Bianca Andrade even posted a photo of her voluminous hair after removing the braids, with the caption: “the freedom to be a thousand Biancas in one”. The discussion in the publication’s comments was inevitable, as several people, mostly women, felt uncomfortable with the blogger’s new attempt at appropriation. On the other hand, some followers also came out in defense of Bianca and also questioned the fact that some women are attacking another woman. But let’s face it: feminism teaches us about having empathy and creating non-violent or competitive relationships, but in this case, we cannot forget that the one who didn’t put herself in the shoes of women with different racial experiences was the YouTuber herself, who even wrote in a comment: “What I know is that I never cursed one of these people in my life! People get angry on their own” – as if the only way to offend a person was by cursing and not taking action, for example.

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Now, you may be wondering, “But Gabi and Bianca shouldn’t have done this to pass themselves off as black, right? They just might think it’s beautiful…” Really, I don’t believe that their idea was to become black, really because giving up the ease of being a white person and to be accepted with whatever hair you want, no one wants. So, I see it as a convenient appropriation. That is, they choose some items from our ethnicity and culture, such as the braids and the tanned skin that is most wanted in the summer, only that they empty them of meaning and use them without suffering with the negative part, which is the prejudice. After all, they are protected by privileges, unlike blacks.

blackfishing
Comments – Jevajao: Prepare for criticism (But it was wonderful) (applause) official biancaandrade: @barbarbaraguedes I don’t know either. What I do know is that I have never cursed ONE of these people in my life! The people get angry alone.

The braid, for example, was used by black women from various African countries to represent marital status and even region of origin. Today, these Afro hairstyles continue to serve as a source of identification, resistance, and connection between black people and their roots. But unlike whites, Afro-descendant women and men are still discriminated against for using something that is part of their history.

comments

Comments above

ingridbianca: It is funny that Taís Araújo has suffered offenses precisely because she has curly hair and she is being praised. How strange is that? Black things are cool, it’s just not cool to be black.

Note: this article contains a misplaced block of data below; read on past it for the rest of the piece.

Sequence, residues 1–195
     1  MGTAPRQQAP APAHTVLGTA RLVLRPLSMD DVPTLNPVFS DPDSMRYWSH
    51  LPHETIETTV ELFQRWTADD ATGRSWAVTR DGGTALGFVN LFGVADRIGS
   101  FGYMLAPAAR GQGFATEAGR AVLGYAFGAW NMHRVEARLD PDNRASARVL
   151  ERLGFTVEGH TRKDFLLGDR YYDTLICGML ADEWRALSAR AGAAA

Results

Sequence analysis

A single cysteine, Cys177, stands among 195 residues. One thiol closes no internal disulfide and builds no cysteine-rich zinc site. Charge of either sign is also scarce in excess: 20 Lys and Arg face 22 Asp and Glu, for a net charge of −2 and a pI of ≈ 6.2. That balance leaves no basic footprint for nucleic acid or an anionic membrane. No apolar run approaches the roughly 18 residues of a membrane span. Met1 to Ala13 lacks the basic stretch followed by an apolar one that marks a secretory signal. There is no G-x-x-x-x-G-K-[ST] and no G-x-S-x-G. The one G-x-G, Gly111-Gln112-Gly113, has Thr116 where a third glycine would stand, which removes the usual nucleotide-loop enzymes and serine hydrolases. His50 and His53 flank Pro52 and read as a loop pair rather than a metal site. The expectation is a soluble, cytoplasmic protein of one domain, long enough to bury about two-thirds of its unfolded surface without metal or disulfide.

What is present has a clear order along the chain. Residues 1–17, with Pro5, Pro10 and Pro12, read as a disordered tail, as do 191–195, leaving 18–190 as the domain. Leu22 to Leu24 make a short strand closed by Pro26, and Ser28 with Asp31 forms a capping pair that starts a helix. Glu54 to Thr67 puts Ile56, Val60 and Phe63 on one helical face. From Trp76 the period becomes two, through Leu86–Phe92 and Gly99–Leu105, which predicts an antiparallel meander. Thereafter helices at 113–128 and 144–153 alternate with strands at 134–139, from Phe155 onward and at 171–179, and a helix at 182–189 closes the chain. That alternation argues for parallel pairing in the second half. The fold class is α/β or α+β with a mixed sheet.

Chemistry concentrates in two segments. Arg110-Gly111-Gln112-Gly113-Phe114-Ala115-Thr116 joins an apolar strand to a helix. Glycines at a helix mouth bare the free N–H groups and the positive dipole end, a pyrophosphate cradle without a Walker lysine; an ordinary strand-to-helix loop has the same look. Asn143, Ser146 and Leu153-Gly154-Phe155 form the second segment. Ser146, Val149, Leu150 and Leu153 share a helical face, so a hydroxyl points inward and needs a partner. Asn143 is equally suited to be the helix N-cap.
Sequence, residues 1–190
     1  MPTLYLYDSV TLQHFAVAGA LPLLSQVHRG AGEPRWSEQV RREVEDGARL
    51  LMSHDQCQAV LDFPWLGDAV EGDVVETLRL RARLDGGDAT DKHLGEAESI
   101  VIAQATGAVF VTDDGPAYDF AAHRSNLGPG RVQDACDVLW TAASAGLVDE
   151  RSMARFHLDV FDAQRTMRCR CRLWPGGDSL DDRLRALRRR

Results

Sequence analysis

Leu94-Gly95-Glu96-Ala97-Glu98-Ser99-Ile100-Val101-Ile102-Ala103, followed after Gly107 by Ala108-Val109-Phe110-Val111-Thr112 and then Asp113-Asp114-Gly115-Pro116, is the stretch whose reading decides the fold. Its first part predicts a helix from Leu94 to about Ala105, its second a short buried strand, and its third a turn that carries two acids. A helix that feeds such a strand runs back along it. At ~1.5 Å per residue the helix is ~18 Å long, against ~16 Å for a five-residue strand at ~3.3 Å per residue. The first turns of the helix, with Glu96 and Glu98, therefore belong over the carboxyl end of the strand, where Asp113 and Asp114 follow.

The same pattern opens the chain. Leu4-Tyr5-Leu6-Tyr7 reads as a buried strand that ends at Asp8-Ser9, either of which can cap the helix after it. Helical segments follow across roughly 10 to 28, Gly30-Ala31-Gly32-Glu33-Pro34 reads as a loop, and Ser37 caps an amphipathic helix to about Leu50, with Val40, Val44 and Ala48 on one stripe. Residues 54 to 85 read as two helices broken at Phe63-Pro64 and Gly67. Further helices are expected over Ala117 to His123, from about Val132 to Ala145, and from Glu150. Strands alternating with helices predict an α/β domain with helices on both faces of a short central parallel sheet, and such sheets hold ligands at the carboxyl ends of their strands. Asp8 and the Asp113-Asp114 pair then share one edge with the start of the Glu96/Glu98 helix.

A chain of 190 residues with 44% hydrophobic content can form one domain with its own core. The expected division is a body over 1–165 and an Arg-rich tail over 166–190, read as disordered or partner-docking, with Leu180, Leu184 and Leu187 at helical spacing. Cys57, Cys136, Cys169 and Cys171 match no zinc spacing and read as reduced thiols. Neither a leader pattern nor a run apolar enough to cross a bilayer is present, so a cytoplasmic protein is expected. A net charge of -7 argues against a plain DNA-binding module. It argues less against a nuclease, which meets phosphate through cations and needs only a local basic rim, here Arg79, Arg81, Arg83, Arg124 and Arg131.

xxnocrybaby: The “feminists” themselves attacking a woman who is free to wearwhatever she wants.

itspriiferreira: I’ve been with you since the tide but this photo was too much! Really because the Saturation is at the limit. Only we know how hard it is to carry the color and the hair. Having only what is good about blacks is so good, wide hips, a big butt with a thin waist, a fleshy mouth, almond eyes…now hair without definition is not a question of being whoever you want it to be. You with this number of reach could leave another thought! NO, you can’t just throw things in the air because you are INFLUENCER and here it’s your network where women praise you and in my profile that I’m real like this and many other girls are rude!!!!

So the question goes beyond a non-black wearing braids, but rather that she understands the importance of the element she is wearing, besides the simple fact that she thinks it’s beautiful. It is worth remembering that when we are talking about a public figure that influences a lot of people, “demanding” common sense actions that don’t offend anyone is much bigger and necessary. After all, they must have responsibility for the impact of their publications. How many girls may have been left with shaken self-esteem and wondering, “Why can she braid and receive so much praise, while other black women are being offended for wearing the same hairstyle?” Or is it only important that they feel beautiful regardless of what it can generate in other people?

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If we can draw a lesson from this story it is that when someone says they felt offended by something you did, stop and think about what needs to be done so as not to increase the discomfort of the other. To find that the problem lies in whoever “complains” and put their personal interests and desires above the ramifications of structural racism or another social problem is not the best way.

So, what’s your take on this? Do you know other cases of cultural appropriation and blackfishing? So, tell us in the comments or if you prefer you can send an email to anacarolipa16@gmail.com or send direct to Instagram, of which I would love to talk.

Kisses,

@Anacarolipa

Source: Capricho